eternal foreverness from one or several mortal moments. 3. I made something beyond words & abstract, intangible that only can be "seen" by tapping deeper into your own feelings and inner world. After all we are all small in the bigger landscape of time, no matter how much time changes, how advanced the technology becomes, what age status rich or poor, we still share similar basic emotions as well as experience the same cycles of birth-growingold-sickness-death. This reflects how humanity can be both shallow and deep. However, all throughout our history different fields of creatives and thinkers have continued to be charmed by questions of life and repeatedly explored such subject. Here is a work that is at one time surreal and real, abstract and yet full of symbols, not so much words, and the only thing is the whispering poetic verses in three languages. This is my very

intention to depict a world between understanding and unknown, dreamlike, and echoing as well as conflicting the realistic vs. psychological landscapes, all these entanglements and absurdities. How to explain a visionary work whose vision is ahead of time when all we have is now? I think by looking at the work itself is the best way to communicate my ideas. No answers because there are beyond thousands millions of answers, if I am honest with myself and your readers, I would not even try to label anything, let alone my own works. Memory, one of the core themes here, has bitterness as well as sweet happiness, I think that when all these becomes the source of inspiration for creative works and then able to channel it into a positive force, then it is the best. This is why I chose to reflect and dealt deeper into my own experience, base the story on it, and evolve it into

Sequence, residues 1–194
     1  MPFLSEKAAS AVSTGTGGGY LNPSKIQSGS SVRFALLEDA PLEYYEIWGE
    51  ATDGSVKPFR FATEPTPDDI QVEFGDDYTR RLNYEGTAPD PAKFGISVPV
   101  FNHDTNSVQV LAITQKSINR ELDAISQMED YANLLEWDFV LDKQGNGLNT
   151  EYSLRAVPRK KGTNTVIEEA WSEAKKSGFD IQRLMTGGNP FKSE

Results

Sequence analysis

something larger than just a bloody painful birth of me into this world. - Could you take us through your creative process when starting a new project? My creative process generally starts in the most common way, daily life like moments of hanging laundry or sitting watching plants outside while drinking tea in the mornings. I walk a lot so in these walks inspirations also frequent me. When this happens, normally I would start to sketch down in my notebook, which I always bring with me. Generally words phrases coupled with drawings, as inspirations often come first in the form of images in my head. What generally follows, once some initial ideas form, is an extensive research period. Like a sculptor, I need to work with the raw material in order to mold into something recognizable, otherwise it is just a puddle of clay. As my background is in the performance and theatre, so I would stage these ideas first into a performative piece, for me to actually see, feel, and observe more closely what and how it can be. Lots of improvisations can then happen within this first staged happening with given structures and some great additional materials thus can be developed further from it. I am a firm believer of experimenting by doing, and improvisation is key. Like the water, let it flow and it will flow to where it belongs. Therefore, often when asked about my creative process, I think more how to explain my formlessness approach to create forms, as it sounds at first contradictory. However, life is not about from point A to point B and the path is not always as straight as we think. I like an old Jewish joke: “if you want to make God laugh, tell him your plans!” And perhaps Bruce Lee said most eloquently about this kind of path that some of us chose to take as well as speak beautifully about my creative approach: in his interview he said, “be like water, be formless, my friend”. Your art is rich of references: your visual imagery seems to be close to Sergei Paradjanov's rarefied atmospheres and